Story Filed By Correspondent Matteo Clingenberg
Tribune de Genève
The French general Nivelle’s long awaited offensive officially kicked into gear at 4:45AM this morning Paris time as the rumble of hundreds of guns woke the front along the Aisine River from its Winter slumber.
A furious dawn assault by lead battalions of French troops of the 5th , 6th, and 10th Armees plowed into the front trenches of the German 7th, 1st, and 3rd Armees where initial surprise was soon replaced with heavy hand to hand fighting in the early morning light. Hundreds of sleepy and surprised German prisoners were seen being escorted across No Mans Land and by 6AM, things were looking amazingly promising for the rest of the day.
Then by 7AM, the lead French troops realized that their comrades in the follow up waves of the assault didn’t seem to be arriving from behind them. Running low on ammunition and beginning to take considerable losses as the Germans counter-attacked, the troops hastily withdrew from the vast majority of their early gained territory and returned to the safety of their own jump-off trenches.
Initial investigations into the matter suggest that somehow, the timetable for the offensive only reached a bare handful of the French divisions expected to be engaged in the initial assault. This blunder has likely resulted in a total loss of element of surprise that Nivelle was counting on for his anticipated breakthrough maneuver.
Almost as shocking, the German troops who counter-attacked did not attempt to press the advantage as the French troops sought to disengage, and seemed mostly content just to regain the ground they had lost and then settle back into their old trenches. Thus this long awaited day ended for all intents and purposes quite abruptly by 8AM when it was really supposed to be just beginning.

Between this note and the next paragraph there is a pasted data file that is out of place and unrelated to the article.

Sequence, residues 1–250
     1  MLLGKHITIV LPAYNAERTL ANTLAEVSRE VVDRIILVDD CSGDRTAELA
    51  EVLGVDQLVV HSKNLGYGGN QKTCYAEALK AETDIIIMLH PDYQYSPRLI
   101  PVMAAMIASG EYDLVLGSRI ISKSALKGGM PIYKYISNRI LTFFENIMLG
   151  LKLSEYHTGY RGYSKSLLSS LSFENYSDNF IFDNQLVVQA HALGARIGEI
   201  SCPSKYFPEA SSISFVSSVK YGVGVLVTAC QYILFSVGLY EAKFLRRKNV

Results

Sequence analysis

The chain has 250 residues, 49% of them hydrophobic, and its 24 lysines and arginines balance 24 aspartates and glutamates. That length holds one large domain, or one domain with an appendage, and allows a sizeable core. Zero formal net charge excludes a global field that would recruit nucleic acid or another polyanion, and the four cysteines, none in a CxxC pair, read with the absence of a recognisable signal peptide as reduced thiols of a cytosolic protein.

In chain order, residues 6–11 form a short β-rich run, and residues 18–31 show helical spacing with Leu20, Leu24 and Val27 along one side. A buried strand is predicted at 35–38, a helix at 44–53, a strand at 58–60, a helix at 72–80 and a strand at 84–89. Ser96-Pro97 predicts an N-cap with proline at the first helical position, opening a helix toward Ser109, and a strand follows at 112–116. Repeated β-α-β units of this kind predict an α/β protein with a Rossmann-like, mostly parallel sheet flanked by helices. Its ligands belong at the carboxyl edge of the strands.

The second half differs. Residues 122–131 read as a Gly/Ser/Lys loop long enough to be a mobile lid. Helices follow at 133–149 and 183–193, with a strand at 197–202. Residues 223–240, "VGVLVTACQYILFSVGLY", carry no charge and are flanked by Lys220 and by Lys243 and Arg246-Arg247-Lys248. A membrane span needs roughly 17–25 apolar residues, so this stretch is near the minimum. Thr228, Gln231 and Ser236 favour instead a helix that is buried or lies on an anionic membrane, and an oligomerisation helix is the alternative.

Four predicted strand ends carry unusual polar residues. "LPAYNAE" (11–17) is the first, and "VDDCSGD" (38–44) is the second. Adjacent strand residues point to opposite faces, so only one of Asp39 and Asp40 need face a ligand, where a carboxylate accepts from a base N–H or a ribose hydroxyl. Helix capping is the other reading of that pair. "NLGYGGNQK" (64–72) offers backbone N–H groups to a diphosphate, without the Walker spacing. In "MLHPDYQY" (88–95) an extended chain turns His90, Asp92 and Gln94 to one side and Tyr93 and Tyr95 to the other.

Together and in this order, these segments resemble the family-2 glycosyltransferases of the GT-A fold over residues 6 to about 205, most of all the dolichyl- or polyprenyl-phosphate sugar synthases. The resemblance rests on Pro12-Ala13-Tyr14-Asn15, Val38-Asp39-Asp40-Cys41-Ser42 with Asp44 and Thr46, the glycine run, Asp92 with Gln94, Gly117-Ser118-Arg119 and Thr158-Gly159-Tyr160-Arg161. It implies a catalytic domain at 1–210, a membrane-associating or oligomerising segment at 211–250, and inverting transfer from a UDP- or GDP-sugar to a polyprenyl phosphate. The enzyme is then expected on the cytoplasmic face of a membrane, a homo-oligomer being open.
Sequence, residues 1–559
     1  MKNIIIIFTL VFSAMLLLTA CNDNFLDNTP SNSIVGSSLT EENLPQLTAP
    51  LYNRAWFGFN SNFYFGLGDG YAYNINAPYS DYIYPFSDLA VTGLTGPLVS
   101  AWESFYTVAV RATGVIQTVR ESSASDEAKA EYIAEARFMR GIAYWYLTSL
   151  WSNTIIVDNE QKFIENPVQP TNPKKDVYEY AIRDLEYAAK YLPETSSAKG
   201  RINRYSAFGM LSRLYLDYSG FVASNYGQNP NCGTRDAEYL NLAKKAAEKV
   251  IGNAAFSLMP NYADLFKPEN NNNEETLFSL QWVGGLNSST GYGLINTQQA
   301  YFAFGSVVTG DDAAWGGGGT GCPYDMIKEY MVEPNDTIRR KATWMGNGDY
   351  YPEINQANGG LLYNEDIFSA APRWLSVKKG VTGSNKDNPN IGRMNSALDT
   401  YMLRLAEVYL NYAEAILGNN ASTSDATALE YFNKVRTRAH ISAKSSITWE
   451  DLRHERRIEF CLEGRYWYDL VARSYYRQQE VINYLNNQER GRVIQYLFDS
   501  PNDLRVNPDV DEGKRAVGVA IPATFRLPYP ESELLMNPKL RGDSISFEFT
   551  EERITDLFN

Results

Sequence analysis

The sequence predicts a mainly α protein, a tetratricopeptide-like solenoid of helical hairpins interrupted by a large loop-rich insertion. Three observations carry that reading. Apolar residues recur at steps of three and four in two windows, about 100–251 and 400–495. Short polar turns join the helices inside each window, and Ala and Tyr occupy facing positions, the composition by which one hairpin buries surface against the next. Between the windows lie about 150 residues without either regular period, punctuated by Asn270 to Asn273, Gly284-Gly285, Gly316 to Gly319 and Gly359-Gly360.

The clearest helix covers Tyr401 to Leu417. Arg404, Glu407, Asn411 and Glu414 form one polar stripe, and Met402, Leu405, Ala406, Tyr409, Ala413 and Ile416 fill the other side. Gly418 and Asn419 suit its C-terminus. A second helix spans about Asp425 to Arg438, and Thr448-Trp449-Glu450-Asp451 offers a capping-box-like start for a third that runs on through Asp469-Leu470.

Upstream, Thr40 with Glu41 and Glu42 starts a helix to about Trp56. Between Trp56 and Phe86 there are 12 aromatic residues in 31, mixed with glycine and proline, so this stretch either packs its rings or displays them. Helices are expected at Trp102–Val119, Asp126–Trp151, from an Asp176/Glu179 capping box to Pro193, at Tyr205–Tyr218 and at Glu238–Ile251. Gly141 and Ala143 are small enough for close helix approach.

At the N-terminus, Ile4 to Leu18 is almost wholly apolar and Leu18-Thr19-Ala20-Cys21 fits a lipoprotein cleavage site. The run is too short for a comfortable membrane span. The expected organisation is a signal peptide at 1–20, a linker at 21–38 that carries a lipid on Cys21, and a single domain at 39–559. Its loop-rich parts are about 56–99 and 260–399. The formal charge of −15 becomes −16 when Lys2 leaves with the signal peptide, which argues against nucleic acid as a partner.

Aerial operations on both sides were also reportedly unusually sluggish thanks to an unexpectedly thick haze that settled over the entire sector as the sun rose, which made bombing, reconnaissance, and artillery spotting support operations nearly impossible.
Nonetheless, at least one French observation balloon was brought down in flames, and there are reports that French pilots might have returned the favor to at least one if not two German balloons. Sparse and unconfirmed reports indicate that aircraft from both sides may have also carried out limited attacks on road and rail traffic behind the front lines during the course of the morning.
General Haig, the commander of British forces pushing forward East of Arras for the past two weeks (despite considerable losses) refused to comment on the situation but was reported to have been in an extremely foul mood after hearing the latest news from his South.
Estimated French Losses This Week:
- 12,985 Infantry casualties / 1.25 divisions or 2.3% of their total effective strength
1 observation balloon
1 military supply train
4 supply barges
7 Aircraft destroyed, 15 damaged (half of these rounding down will be considered write-offs)
15 Pilot casualties
- A spy was successfully brought back home with key information.
- 13, 584 infantry casualties / 1.4 divisions or 3.7% of their total effective strength
2 observation balloons
1 military road convoy
1 strategic target
3 supply barges
6 Aircraft destroyed, 10 damaged (half of these rounding down will be considered write-offs)
8 Pilot casualties
- The French Army’s deepest sustained penetration was ~496m of German trenches
French casualties were 20.8% of the 62,333 expected casualties
14 French aircraft were permanently removed from service
German casualties were 25.8% of the 54,333 expected casualties
11 German aircraft were permanently removed from service
- The French Army’s total penetration is ~491m of German trenches, which is roughly 7.6% of the 6.5km expected for the campaign.
The French Army’s deepest sustained penetration so far at any one time was ~491m of German trenches (Week 1)
Total French infantry casualties are at 6.94% of the 187,000 expected casualties for the campaign
French pilot losses are currently at 25.4% of the 59 expected losses for the campaign
French plane losses (shot down + writeoffs) are currently at 19.4% of their expected 72 losses for the campaign.
Total German infantry casualties are at 8.33% of the 163,000 expected casualties for the campaign
German pilot losses are currently at 22.8% of the 35 expected losses for the campaign.
German plane losses (shot down + writeoffs) are currently at 22.9% of their expected 48 losses for the campaign.